The most comprehensive study of the behavior of users of image collections is Enser's work on the Hulton-Deutsch collection (Armitage & Enser, 1997; Enser, 1993, 1995). This is a collection of prints, negatives, slides, and the like used mainly by media professionals. Enser (1993) studied the request forms on which client requests are logged; he classified requests into four semantic categories, depending on whether a unique instance of an object class is required or not and whether that instance is refined. Significant points are that the specialized indexing language used gives only a "blunt pointer to regions of the Hulton collections" (p. 35) and the broad and abstract semantics used to describe images. For example, users requested images of hangovers, physicists, and the smoking of kippers. All these concepts are well beyond the reach of current image analysis techniques. As a result, there are few cases where one can obtain a tool that directly addresses a need. For the foreseeable future, the main constraint on the design of tools for finding images will be our limited understanding of vision.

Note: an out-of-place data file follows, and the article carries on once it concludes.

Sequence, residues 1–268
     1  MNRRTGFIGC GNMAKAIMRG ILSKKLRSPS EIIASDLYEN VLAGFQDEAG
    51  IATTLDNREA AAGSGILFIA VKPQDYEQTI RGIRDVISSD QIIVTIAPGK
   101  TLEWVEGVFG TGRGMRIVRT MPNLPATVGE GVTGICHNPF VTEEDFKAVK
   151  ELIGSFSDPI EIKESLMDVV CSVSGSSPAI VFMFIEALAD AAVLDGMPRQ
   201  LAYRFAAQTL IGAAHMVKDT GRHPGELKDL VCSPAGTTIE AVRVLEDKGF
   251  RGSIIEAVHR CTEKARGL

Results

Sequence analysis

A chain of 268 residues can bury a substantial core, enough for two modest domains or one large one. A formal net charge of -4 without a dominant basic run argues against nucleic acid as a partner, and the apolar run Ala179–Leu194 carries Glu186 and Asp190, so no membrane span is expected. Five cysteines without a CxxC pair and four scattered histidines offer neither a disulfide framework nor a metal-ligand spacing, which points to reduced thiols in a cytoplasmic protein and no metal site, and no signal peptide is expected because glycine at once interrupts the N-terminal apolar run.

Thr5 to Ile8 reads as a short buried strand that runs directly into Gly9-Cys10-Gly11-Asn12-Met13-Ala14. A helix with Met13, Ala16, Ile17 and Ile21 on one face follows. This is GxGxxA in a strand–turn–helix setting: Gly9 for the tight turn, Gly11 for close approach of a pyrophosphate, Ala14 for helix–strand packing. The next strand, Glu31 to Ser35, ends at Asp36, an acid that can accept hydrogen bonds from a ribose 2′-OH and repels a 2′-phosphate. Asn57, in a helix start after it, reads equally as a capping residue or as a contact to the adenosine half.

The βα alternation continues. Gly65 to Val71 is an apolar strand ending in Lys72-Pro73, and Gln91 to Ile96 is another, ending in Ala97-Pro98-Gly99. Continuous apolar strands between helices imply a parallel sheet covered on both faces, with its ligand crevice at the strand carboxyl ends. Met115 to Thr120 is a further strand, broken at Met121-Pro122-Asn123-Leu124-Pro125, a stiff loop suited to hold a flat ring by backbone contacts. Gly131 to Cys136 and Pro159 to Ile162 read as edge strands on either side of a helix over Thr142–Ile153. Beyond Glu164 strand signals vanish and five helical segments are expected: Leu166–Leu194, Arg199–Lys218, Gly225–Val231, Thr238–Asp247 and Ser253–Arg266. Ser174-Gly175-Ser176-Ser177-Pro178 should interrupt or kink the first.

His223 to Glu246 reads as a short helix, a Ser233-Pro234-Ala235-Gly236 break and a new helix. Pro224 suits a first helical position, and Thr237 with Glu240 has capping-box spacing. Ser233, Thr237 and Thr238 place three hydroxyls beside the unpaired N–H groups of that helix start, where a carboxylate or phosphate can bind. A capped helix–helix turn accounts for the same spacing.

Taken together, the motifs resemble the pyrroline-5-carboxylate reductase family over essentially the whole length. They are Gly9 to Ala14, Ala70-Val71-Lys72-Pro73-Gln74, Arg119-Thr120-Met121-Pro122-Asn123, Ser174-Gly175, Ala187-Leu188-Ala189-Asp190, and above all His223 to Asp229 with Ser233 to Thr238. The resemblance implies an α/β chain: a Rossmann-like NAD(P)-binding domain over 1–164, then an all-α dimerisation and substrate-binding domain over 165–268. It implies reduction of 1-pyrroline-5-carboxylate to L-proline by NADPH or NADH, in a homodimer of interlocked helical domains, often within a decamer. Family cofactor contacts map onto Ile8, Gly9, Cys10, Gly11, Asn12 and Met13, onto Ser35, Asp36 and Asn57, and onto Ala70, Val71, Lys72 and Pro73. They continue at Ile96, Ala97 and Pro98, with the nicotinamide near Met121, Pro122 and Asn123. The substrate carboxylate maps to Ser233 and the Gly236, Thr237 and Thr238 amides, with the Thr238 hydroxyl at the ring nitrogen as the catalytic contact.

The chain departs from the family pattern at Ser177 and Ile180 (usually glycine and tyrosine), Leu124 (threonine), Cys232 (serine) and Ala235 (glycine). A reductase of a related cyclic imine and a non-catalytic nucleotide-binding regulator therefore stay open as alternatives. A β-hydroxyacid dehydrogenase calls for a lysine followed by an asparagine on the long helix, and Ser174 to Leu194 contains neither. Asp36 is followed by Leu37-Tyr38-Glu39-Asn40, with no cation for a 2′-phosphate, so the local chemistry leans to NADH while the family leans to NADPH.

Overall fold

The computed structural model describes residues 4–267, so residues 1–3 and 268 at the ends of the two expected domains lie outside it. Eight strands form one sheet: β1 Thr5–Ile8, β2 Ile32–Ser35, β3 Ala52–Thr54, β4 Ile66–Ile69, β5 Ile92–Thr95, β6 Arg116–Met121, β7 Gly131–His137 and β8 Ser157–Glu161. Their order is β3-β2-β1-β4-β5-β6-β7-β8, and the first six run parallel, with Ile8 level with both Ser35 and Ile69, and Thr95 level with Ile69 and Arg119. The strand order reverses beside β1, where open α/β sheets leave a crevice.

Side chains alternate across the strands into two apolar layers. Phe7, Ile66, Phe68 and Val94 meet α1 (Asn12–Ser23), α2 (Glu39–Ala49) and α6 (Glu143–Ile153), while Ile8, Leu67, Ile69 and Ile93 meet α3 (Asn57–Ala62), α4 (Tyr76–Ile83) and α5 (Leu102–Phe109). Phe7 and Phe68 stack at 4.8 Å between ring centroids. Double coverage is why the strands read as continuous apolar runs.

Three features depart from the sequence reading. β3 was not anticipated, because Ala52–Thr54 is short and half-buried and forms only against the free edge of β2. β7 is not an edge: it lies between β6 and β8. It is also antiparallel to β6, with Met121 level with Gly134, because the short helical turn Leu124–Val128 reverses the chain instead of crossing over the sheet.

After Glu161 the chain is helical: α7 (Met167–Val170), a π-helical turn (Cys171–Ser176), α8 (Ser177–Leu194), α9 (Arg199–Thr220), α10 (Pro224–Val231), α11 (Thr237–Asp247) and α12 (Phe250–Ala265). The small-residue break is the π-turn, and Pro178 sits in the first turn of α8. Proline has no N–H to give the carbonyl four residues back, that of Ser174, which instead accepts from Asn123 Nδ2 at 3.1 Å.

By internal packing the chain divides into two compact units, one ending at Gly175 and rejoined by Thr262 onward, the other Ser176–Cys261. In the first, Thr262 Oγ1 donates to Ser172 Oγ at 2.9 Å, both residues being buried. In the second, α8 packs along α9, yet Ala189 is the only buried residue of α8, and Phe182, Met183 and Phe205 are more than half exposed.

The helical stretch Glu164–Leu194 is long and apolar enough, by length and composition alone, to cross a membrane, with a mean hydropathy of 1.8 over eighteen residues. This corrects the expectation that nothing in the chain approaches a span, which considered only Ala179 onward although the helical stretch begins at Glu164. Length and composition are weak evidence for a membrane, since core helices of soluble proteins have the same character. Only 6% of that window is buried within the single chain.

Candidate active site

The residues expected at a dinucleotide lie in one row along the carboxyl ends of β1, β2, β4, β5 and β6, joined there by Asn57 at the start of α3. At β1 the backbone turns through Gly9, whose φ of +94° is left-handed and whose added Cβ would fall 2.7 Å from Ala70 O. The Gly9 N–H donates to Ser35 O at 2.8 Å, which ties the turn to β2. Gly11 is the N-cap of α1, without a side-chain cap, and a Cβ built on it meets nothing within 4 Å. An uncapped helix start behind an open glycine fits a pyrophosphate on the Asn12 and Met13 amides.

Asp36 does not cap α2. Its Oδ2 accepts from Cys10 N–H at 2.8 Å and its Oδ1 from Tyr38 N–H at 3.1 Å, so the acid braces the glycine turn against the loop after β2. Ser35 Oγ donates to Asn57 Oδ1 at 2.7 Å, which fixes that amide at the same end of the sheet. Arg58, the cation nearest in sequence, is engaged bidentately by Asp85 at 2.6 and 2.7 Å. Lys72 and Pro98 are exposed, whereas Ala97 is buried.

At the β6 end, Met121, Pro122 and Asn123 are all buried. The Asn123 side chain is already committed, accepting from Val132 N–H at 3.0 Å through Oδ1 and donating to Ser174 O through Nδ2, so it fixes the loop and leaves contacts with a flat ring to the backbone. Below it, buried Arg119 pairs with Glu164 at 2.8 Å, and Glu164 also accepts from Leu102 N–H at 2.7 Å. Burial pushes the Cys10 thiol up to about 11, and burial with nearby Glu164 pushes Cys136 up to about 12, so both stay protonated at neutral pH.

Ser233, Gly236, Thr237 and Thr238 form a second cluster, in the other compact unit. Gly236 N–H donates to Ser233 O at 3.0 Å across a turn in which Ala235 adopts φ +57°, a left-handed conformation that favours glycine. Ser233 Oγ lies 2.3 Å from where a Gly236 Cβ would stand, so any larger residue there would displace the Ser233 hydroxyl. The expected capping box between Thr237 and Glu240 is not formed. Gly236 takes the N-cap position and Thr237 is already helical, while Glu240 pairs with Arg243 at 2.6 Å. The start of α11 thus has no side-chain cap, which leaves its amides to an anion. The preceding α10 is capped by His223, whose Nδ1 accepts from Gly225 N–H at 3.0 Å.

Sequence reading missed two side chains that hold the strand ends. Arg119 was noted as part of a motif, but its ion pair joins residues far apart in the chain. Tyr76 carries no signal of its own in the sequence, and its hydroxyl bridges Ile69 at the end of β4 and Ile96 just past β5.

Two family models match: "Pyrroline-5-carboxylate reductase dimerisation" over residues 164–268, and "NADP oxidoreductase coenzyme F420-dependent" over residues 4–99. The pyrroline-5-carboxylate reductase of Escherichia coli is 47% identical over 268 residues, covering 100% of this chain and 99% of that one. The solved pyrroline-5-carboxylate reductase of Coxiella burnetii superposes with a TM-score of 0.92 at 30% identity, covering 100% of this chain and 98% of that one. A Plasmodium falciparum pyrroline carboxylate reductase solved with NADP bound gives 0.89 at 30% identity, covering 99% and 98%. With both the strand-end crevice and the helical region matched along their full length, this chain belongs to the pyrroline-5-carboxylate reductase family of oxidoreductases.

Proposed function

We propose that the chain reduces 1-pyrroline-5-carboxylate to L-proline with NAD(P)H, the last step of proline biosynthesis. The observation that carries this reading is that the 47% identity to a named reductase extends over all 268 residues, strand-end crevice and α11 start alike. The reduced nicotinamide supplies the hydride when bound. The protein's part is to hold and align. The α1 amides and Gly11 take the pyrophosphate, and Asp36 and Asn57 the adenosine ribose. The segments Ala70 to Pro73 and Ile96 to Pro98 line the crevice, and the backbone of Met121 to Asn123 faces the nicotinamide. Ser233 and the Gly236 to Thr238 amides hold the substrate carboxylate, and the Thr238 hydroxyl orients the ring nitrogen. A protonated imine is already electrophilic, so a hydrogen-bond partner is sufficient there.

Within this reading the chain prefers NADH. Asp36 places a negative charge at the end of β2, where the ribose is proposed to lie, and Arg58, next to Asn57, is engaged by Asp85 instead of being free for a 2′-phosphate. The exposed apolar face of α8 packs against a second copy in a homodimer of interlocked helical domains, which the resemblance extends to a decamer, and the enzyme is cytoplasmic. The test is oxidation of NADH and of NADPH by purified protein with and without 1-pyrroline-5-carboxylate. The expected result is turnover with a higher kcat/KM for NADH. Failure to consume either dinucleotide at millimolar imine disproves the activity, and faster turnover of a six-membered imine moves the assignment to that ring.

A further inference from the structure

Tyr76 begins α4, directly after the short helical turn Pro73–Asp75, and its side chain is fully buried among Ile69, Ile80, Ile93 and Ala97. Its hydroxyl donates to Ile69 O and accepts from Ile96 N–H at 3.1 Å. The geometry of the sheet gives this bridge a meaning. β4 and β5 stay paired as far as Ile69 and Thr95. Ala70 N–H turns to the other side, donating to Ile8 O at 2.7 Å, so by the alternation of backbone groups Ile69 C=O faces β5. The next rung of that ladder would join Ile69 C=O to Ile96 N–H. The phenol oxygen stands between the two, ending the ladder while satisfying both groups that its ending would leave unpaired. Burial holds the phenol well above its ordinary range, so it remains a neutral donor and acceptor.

The Hulton-Deutsch collection is used largely by book, magazine, and newspaper publishers; Enser suggests that the most reliable measure of the success of their indexing system is that the organization is profitable. This author is unaware of any specific areas of computer vision technology that are profitable, though Virage appears to be thriving (the company is described at: http://www.virage.com. A description of their technology appears in Hampapur et al., 1997). The main source of value in any large collection is being able to find items. Potential application areas include:
* military intelligence: vast quantities of satellite imagery of the globe exist, and typical queries involve finding militarily interesting changes-e.g., concentrations of force occurring at particular places (e.g., Mundy, 1995, 1997; Mundy & Vrobel, 1994).
* planning and government: satellite imagery can be used to measure development, changes in vegetation, regrowth after fires, and so on (see, for example, Smith, 1996).
* stock photo and stock footage: commercial libraries--which often have extremely large and very diverse collections--sell the right to use particular images (e.g., Armitage & Enser, 1997; Enser, 1993, 1995).
* access to museums: museums are increasingly releasing collections, typically at restricted resolutions, to entice viewers into visiting the museum (e.g., Holt & Hartwick, 1994a, 1994b; Psarrou et al., 1997).